Optimistic or what?



What is it about people that makes them think that their particular ownership of something actually adds to its value?  I mean, let’s face it, you buy something, then walk out of the shop with it either physically or metaphorically, and the item you bought is then second hand.  How can you having owned it, whether for a week or a couple of years add value?
You want a few examples?  See below.
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This optimistic seller obviously doesn’t believe in depreciation.  She is selling her two year old Benelli TRK500, a bike falling into the adventure touring category.  It hasn’t seen too much adventure since it has only covered 1246 miles in its two years on the road.  She is looking for £5600 for it.  So what is the problem?
Brand new ones are currently on offer for £4499 plus on the road costs.  That is a whopping £1101 cheaper!  Ok, new ones may not include the luggage that the second hand bike has, but if you are buying a new bike, you can bet your life that the dealer would at least do you a deal on this, and you get a two year warranty.
These bikes are built in China.  They are not yet well known like Honda, Yamaha etc. and their depreciation should be correspondingly harsh.  They may be well built, I haven’t experienced the brand so do not know, but who is realistically going to pay a premium for this two year old bike?
If anyone really wanted one of these bikes, either buy a new one on offer and add the extras, or buy one of last years showroom models, like this top of the range one which has better quality Givi aluminium luggage, crash bars and all the other farkles that could possibly be thrown at it.  https://www.gumtree.com/p/benelli-motorbikes/benelli-trk502-adventure-ex-demo-1627-saving-on-list-price/1359915577.  Better extras, only 287 miles, and a dealer warranty for £101 less than an older private sale!  No contest.
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Hands up whoever doesn’t like pizza?  Yeah, I didn’t think there would be many.  A company called Ooni makes good quality, stainless steel outdoor pizza ovens, just what every pizza lover needs for the summer.  On the downside, they are pretty expensive for a toy that could only ever get occasional good weather use.  So, being tight, I set up a search on Gumtree to see if a second hand one might ever turn up.  The search triggered yesterday, but again there is a problem.


Ooni make a few different models of their pizza ovens, probably the most popular of which is the Ooni 3, and this is what a seller in Belfast has on offer for £360. https://www.gumtree.com/p/barbeques/ooni-3-pizza-oven/1365639329.  The ad says they bought it in January, used it three times and are now selling it again.  First thing, if the oven is as good as the online reviews, why are they selling so soon?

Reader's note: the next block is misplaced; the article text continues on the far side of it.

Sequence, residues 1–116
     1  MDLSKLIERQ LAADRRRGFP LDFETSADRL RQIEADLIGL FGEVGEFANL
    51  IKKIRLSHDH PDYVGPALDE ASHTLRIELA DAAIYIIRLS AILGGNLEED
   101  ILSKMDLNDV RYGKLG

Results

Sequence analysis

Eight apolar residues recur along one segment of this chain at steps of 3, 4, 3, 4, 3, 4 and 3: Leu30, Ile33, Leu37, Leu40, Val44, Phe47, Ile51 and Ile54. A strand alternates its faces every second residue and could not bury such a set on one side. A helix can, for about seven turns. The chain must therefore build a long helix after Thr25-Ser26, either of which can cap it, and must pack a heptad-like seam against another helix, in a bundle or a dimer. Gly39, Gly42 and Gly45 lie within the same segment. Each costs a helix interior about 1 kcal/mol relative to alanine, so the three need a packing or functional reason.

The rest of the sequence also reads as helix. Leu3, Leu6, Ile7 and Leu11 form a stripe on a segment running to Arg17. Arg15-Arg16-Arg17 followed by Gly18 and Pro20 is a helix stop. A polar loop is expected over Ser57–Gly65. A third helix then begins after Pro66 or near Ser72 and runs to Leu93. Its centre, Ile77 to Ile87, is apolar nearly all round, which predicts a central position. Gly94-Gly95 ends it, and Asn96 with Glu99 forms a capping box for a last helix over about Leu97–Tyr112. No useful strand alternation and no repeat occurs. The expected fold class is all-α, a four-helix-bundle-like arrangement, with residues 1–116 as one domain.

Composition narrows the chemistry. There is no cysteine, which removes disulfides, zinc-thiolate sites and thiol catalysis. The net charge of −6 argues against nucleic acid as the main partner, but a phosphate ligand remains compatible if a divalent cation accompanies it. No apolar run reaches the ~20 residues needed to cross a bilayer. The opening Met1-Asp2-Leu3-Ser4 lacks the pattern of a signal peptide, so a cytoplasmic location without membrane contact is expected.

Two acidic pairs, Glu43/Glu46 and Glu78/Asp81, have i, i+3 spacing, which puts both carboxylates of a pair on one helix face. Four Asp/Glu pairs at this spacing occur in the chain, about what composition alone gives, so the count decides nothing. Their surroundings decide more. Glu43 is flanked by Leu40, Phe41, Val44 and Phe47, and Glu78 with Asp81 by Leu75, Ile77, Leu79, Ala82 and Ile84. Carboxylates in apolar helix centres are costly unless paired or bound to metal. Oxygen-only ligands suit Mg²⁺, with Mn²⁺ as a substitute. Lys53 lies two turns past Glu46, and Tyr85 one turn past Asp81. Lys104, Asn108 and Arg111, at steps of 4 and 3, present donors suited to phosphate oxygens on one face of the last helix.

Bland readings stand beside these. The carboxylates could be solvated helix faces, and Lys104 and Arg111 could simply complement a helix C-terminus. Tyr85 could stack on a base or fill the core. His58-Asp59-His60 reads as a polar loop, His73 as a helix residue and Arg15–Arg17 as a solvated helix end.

Next, the minor problem of price.  A brand new Ooni 3, bought direct from the manufacturers web site is £249, and that is a kit that includes a cover, a pizza peel and wood pellets!  It is £199 without these extras and can be bought on other sites for £185.  So what extras are the sellers of the second hand one offering to justify the £161 they would like to charge over the price of a new one?  See below for their list:
Ooni Gas Burner
Ooni Perforated Peel
1 dough box with lid
1 dough proving bowl with lid
1 Yijia Stainless Steel Pizza Scraper
7 bags of Caputo Flour - Wheat Flour Type 00 "Blue" 1Kg
1 Yeast - Ascher Portable Digital Scale
1 Etekcity Lasergrip 1080 Non-contact Digital Laser IR Infrared Thermometer, -50°C ~ 550°C
A quick internet search for exact matches (new items, not used) and equivalents gives the following prices.
The gas burner can be bought for £54.95.  A genuine Ooni pizza peel as above is a whopping £55, but a non branded, direct equivalent is £10.99.  I will ignore the box and bowl, since every kitchen has these, and they are cheap.  A genuine Yijla scraper is about £10, while a decent stainless steel one can be bought for £2.49.  I’m not sure that I would want someone elses flour, even if it was still in sealed packs, but for the comparison, Caputo flour is £2.99 per pack, so seven would cost £20.93.  I found unbranded 00 flour for £1.10 per kg pack in Sainsburys (£7.70 for the 7 packs). An Ascher digital scale is £7.50, unless they have managed to find a gold plated one, and the thermometer costs £10.99.  Rough equivalents come in at around £4.61, and £1.61 respectively.
That gives a maximum cost to buy a new oven and the listed extras excluding the bowl and dough box of £358.  So the buyer is asking more for their second hand stuff than it would cost to buy new!  Switching away from the manufacturers site, and to non branded alternatives as above produces a saving of around £93 on that asking price.  And, just because the original buyer wanted all these bits and pieces, that does not mean that anyone else does.  You do not need all that to make a pizza. 
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Will anyone buy at a sum resembling the asking price of either of these?  Only, (IMHO), if they are in serious need of a mental examination


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